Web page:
By Tim Korby
Brandy can help you get warm on a cool night, help you chill during a balmy sunset or draw you out onto the dance floor, even though you can’t dance. Brandy goes by many aliases: Applejack, Armagnac, Calvados, Cognac, Eau de Vie, Grappa, Kirschwasser, Pisco, Poire Williams, Rakia and Slivovitz.
According to U.S. regulations, brandy is defined as a distilled spirit made from fruit; either whole, pomace (the leftover skins, stems and seeds after pressing) or wine, which is then aged for at least two years in oak. Every country or region has its own specific rules pertaining to the production of its unique brandy. To narrow the scope of this article, I will focus on brandies produced in France.
The most famous brandy is Cognac, which comes from a specific area in western France surrounding the town of Cognac, just north of the wine region of Bordeaux. Cognac is obtained by double distilling white wine made most often from Ugni Blanc and possibly Colombard or Folle Blanche grapes harvested in the Cognac region. The wines produced in this region have a high acidity and a low alcohol content that leads to the greatness of Cognac. After its first distillation, the slightly cloudy liquid has an alcohol content of only 28 percent to 32 percent, so it is distilled a second time to increase the alcohol and to refine the product. After the second distillation, only the best and purest brandy is transferred to oak barrels, where it will stay for a minimum of two years for VS Cognac, four years for VSOP Cognac and at least six years for Napoleon or XO Cognac. These amazing products don’t come without a high price, as Remy Martin Cognac ranges from about $40 for VS to $2,700 Louis XIII brandies (yes, available at Julio’s Liquors).
Armagnac is produced south of the region of Bordeaux in Gascoigne, which is famous for its gastronomic delights. The differences between Armagnac and Cognac are many but often subtle. Bacco is the main grape used to produce Armagnac, but Ugni Blanc and Folle Blanche may also be used. Armagnac is broken into three distinct sub-regions: the Bas-Armagnac, Tenareze and Haut-Armagnac, with Bas Armagnac producing the highest quality Armagnac. Whereas Cognac is distilled twice to an alcohol content of 68 percent to 74 percent and diluted with water to 40 percent before bottling, Armagnac is distilled only once to a lower final alcohol content of 52 percent to 55 percent and aged in barrel and bottled at cask strength. Bottling without adding water results in a richer flavor and more body. Also unique to Armagnac is that it can be vintage dated, which makes it the perfect gift for those big birthdays.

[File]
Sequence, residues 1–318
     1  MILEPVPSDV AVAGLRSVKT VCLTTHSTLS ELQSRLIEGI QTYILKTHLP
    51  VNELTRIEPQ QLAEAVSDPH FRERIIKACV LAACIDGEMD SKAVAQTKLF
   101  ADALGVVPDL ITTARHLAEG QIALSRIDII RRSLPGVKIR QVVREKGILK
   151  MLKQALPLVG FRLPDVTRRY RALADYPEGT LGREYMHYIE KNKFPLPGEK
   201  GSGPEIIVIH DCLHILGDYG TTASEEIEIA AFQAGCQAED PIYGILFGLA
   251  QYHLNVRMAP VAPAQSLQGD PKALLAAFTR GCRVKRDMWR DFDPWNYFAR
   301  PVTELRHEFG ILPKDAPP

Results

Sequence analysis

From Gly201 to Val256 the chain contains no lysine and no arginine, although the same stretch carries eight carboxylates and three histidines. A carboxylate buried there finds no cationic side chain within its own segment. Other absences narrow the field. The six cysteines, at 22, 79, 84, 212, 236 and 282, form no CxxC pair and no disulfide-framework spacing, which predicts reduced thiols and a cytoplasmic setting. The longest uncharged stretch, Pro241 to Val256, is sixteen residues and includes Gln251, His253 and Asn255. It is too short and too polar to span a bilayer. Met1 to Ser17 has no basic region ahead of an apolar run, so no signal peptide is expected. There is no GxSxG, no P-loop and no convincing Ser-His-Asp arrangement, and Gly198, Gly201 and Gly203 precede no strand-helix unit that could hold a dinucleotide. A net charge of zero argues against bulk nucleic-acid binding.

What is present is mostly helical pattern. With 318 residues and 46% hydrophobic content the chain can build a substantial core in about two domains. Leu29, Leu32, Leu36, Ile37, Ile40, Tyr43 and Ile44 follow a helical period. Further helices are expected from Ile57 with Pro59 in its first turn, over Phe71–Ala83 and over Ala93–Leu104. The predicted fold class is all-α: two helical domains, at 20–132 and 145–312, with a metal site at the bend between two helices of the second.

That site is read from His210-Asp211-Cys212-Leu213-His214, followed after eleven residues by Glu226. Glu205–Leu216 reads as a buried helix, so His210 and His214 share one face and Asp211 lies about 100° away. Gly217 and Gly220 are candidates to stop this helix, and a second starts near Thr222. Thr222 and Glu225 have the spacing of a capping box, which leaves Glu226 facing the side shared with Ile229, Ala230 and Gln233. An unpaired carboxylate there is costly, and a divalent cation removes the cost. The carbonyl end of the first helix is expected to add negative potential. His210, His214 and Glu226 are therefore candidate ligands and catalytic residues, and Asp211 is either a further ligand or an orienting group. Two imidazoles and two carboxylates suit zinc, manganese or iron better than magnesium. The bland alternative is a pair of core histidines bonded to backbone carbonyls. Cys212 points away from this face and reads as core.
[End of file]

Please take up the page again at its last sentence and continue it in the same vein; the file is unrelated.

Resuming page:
Calvados (produced in Normandy) is a brandy made not from grapes but from apples (and sometimes pears) that have been pressed into juice and fermented into a dry cider. The cider is then distilled into eau de vie, which is left to age in oak barrels for a minimum of two years, after which it officially becomes Calvados.
I’ve barely scratched the surface of the types of brandy available, so I’ll have to revisit the topic down the road. In the meantime, when next you are out to dinner, order a snifter of Armagnac, Calvados or Cognac to finish off your night.
Tim Korby is the director of Julio’s Liquors’ the-AngelShare.com online wine store. He started in the wine industry in California in 1976 and moved to the Boston area in 2000. In addition to being a retail wine buyer, he has taught wine courses since 1984 and has regularly written newsletters, articles and blogs since 1981. Korby travels the world several times each year to find just the right wines for his customers and to learn the true romance of the wines he sells.